Tuesday, August 29, 2023

Apostles for Today - August 2023


Apostles for Today

August 2023

The young men and Mary ... She got up and ran (Lk 1:39)

 In the spiritual life, we are blessed to have pivotal religious who assist us in the responsibilities that the Lord uses to shape our destiny. For me, they are Fr. Frederick Link, Sr. Carmel Therese CSAC, Fr. Joseph Lasak SAC, Fr. Peter Sticco SAC, Fr. Jacob Nampudakam SAC, and Pope Francis.

 Fr. Link, a diocesan priest in the United States, received his vocation at the canonization of St. Vincent Pallotti. 54 years later, again in Rome, he asked the young woman he had baptized two decades ago if she would like to see a special Church.

In an instant, St. Vincent became the saint of my conversion, and the saint I promised my life to. 

 These imitators of Christ tap the essential dynamism of youth, on the exhilarating premise of complete trust in the Holy Spirit’s determinative fire and genius in young people. Their accompaniment, good humor, and encouragement, “linked with spiritual direction, is a systematic school of the interior life”. (St. John Paul II, Dilecti Amici

Through the Society’s Immaculate Conception Province, I’ve been blessed to witness the spontaneity and passion of the Fathers, Brothers, Sisters, and Lay Youth Leaders who are involved in creating and realizing flourishing youth ministries for the Pallottine Congregations across the world. Likewise, seated in Rome for six years, I’ve been equally blessed to meet the Pallottine greats. 

An African proverb says that when an old man dies, a library burns to the ground; and when an elderly woman dies, a school burns to the ground.

 Fr. Wolfgang Weiss SAC pointed me to the words of Juliana of Norwich, who wrote in her Revelation of Divine Love that "all shall be well, and all shall be well, and all matters of things shall be well." 

Mother Lilia Capretti CSAC (+) explained that “we are in two different stages of our life; mine, the end; yours, the beginning. Both are beautiful; do not be afraid.” And the three books 

Fr. Nicolàs Drieling SAC (+) sent to Rome from Turdera, on St. Vincent’s Argentinian history, reached me only after his death. They are now cherished on a shelf in the Union office. 

Those that truly lead the youth are intensely grounded in the life of our Lord Jesus Christ; courageously pointing to “ideals other than those of this world, testifying to the beauty of generosity, service, purity, perseverance, forgiveness, fidelity to our personal vocation, prayer, the pursuit of justice and the common good, love for the poor, and social friendship.” (Pope Francis, Christus Vivit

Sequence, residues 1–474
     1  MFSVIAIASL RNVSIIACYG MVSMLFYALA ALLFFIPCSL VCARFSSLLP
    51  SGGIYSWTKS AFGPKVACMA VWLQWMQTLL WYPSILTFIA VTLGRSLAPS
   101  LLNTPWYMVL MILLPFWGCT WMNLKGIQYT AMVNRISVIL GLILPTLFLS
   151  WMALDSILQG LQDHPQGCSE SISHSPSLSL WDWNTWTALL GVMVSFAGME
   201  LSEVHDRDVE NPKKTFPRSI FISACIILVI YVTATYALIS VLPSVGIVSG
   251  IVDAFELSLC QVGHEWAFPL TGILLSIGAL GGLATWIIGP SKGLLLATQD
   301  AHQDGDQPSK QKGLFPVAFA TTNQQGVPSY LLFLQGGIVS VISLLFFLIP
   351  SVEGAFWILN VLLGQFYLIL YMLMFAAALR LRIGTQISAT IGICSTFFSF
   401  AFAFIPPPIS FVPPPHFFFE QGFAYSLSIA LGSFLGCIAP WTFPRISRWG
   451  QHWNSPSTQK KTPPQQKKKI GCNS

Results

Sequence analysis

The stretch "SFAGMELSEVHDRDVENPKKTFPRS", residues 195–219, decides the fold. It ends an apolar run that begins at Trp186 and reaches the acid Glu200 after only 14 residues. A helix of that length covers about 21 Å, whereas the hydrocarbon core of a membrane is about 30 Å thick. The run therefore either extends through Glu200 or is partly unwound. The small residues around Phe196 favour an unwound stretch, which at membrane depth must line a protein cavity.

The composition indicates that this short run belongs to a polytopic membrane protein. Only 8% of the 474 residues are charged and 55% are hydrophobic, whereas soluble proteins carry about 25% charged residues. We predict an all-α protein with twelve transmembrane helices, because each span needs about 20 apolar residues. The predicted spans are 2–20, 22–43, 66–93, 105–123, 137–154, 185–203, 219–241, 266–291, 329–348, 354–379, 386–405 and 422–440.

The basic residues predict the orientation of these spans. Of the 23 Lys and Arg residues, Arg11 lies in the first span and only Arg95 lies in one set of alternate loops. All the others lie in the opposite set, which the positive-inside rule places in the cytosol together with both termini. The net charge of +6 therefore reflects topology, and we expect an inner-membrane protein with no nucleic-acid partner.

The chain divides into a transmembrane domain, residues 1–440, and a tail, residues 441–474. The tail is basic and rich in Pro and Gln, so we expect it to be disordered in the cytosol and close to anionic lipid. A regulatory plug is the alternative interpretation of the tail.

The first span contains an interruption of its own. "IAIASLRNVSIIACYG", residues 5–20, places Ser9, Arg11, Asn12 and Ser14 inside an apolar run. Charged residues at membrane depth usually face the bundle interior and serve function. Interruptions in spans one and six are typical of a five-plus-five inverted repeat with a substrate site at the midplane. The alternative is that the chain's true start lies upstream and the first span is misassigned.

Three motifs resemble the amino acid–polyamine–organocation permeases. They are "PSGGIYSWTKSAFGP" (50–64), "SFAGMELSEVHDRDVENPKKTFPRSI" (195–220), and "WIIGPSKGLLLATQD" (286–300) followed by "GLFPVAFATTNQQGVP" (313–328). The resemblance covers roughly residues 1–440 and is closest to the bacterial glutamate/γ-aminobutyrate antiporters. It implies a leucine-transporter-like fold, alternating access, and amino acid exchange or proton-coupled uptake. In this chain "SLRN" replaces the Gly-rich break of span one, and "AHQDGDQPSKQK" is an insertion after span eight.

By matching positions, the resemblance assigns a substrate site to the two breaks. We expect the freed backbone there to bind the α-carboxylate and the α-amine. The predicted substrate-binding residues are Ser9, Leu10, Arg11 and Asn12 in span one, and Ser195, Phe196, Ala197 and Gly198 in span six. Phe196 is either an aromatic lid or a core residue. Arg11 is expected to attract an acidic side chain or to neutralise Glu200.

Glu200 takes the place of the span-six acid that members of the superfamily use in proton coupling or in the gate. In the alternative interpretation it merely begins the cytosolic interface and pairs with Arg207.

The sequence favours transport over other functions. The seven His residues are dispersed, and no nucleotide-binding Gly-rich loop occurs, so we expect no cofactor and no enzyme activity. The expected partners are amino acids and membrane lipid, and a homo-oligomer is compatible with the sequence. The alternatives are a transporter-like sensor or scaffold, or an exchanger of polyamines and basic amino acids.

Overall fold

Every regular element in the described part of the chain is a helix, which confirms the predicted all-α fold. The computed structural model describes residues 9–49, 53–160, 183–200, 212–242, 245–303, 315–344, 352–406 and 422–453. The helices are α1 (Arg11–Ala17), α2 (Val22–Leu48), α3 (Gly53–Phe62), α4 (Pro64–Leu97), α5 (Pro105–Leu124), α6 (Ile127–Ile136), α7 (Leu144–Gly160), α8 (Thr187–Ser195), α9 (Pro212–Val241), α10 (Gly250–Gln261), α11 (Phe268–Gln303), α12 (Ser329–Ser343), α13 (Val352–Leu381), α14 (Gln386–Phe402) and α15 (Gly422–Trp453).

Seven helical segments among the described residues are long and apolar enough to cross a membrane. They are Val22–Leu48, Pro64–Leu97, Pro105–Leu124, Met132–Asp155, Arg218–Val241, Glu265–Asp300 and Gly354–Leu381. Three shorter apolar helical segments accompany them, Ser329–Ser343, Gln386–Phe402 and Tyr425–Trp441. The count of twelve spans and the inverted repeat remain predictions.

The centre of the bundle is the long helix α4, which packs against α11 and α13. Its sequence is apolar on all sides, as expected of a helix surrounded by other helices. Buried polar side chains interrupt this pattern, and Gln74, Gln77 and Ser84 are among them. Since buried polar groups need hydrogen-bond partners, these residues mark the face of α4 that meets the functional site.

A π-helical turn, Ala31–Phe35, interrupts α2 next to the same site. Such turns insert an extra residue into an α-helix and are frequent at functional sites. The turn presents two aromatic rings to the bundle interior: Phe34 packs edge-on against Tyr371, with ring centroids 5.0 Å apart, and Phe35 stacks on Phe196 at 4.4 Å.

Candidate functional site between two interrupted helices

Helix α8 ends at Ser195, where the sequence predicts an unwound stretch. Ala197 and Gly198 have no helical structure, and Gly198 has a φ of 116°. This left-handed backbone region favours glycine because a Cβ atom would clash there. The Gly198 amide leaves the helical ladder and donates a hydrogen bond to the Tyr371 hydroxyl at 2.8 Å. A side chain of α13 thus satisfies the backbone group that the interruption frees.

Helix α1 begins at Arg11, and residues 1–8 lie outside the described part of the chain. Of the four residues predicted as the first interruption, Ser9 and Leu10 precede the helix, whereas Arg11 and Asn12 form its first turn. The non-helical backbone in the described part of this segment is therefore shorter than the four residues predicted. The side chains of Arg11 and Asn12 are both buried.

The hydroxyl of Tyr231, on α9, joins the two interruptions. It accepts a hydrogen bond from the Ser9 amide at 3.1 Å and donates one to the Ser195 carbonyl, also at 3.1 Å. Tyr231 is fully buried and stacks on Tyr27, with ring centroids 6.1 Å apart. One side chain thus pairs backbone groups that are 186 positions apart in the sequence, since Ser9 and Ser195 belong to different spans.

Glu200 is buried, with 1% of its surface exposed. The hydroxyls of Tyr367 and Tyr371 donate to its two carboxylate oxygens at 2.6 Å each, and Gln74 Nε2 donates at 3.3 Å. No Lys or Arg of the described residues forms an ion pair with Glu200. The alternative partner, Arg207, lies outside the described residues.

When I reflect upon these experiences, I recall the words of St. Therese of Lisieux: we do not need complicated means. The youth apostolate, then, can be meditated upon with one conversation in the Gospel.

 “Good Teacher, what must I do to inherit eternal life?” “Go, sell what you have, and give to the poor, and you will have treasure in heaven; and come, follow me.” (Mark 10:1) St. John Paul II writes to young people that “this meeting has a universal and timeless character, it holds good constantly and continually, throughout centuries and generations.” 

 Manifested is a profound truth of man, and an honest question that the Union - when viewed in its juridical structure and central governance as an Association of the Faithful - must ask itself. 

Have we gone away sorrowful, overly fearful and tied to our structures? Have we resisted change, to the point where young people do not see the Union as relevant or critical to their lives? Are the roles we assign to the youth passive, so that we can stifle a different style, schedule, pace, and method? (Cf Pope Francis, Christus Vivit

St. Paul VI professed that Pallotti enriched the Christian community “not for the passive and quiet acceptance of faith, but for the active and militant profession of it.” 

To attract the youth, Union members must rise to the consciousness of their commitment. A consciousness that declares “we are responsible! Tremendous, dynamic, disturbing, energetic; and who understands it can no longer remain sleepless and indifferent!” (St. Pope Paul VI Homily on St. Vincent Pallotti, Frascati 1 September 1963) 

These same verbs are the characteristics of the theme of this year’s World Youth Day; “Mary arose and went in haste.” (Luke 1:39) “She did not hold back or remain indifferent; and this gave enthusiasm and direction to her life.” (Pope Francis’ Message for World Youth Day, Lisbon 2023)

 Like Mary, “when we are faced with urgent needs, we need to act quickly; the Holy Spirit permits no delay.” (ibid) Her focus, always directed outward, gives rise to another set of questions Pope Francis posed in his message for Lisbon; which is best contemplated in the context of the National Coordination Councils.

  • What kind of haste do we have?